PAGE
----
There can be no serious dispute that the four agreements in issue — for exclusive distributorship, taco sauce royalty, warehousing, and consulting fees — have all benefited Cookies, as demonstrated by its financial success. Even if we assume Cookies could have procured similar services from other vendors at lower costs, we are not convinced that Herrig's fees were therefore unreasonable or exorbitant. Like the district court, we are not persuaded by appellants' expert testimony that Cookies' sales and profits would have been the same under agreements with other vendors. As Cookies' board noted prior to Herrig's takeover, he was the driving force in the corporation's success. Even plaintiffs' expert acknowledged that Herrig has done the work of at least five people — production supervisor, advertising specialist, warehouseman, broker, and salesman. While eschewing the lack of internal control, for accounting purposes, that such centralized authority may produce, the expert conceded that Herrig may in fact be underpaid for all he has accomplished. We believe the board properly considered this source of Cookies' success when it entered these transactions, as did the district court when it reviewed them.

A secondary claim relating to appellants' standard-of-law argument is appellants' recurring complaint that Herrig had no right to take over control of Cookies. We find no legal or factual basis for this assertion. First, appellants presented no proof that all shareholders had agreed from the outset that no single shareholder would be allowed to acquire majority control of the company. In fact, the bylaws the board approved before Herrig assumed control belie this assertion; they provide for no restrictions on the identity of stock purchasers if the board of directors declines an offer to purchase available Cookies stock. Second, the law has long recognized the right of majority shareholders to control the affairs of a corporation, if done so lawfully and equitably, and not to the detriment of minority stockholders. See 12B W. Fletcher, Cyclopedia on the Law of Private Corporations § 5783, at 120 (1986). The district court was correct in so holding.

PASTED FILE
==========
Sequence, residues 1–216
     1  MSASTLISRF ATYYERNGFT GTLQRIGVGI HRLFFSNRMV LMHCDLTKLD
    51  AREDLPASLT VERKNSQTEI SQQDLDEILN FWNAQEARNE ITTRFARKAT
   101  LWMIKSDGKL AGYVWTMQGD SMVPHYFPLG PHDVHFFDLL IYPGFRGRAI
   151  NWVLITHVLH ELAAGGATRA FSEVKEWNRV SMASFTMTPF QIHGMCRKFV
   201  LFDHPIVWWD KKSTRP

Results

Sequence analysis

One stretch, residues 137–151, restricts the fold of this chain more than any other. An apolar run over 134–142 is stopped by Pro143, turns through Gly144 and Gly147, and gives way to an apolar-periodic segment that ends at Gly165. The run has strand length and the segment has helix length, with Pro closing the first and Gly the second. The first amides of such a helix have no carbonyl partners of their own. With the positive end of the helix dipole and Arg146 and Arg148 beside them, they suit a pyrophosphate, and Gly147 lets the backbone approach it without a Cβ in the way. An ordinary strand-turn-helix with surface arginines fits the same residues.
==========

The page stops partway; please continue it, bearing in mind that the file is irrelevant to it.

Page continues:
V. Denial of Equitable Relief.

The appellants also claim that Herrig committed equitable fraud, which entitles them to an accounting of his profits and to restitution for losses caused by his fraudulent acts. Appellants make no attempt to establish the specific elements of actionable fraud required under Iowa law. See Grefe v. Ross, 231 N.W.2d 863, 864 (Iowa 1975) (party claiming fraud must establish representation, falsity, materiality, scienter, intent to deceive, reliance, and resulting injury and damage by preponderance of clear, satisfactory, and convincing evidence). Rather, appellants simply assert that Herrig's failure to disclose certain information to directors and shareholders constituted an intentional fraud like that recognized by this court in Holden v. Construction Machinery Co., 202 N.W.2d at 359 (in equity court, intentional acts of fraud include all acts, omissions, and concealments that involve a breach of either legal or equitable duties that injure another or give one an undue or unconscionable advantage).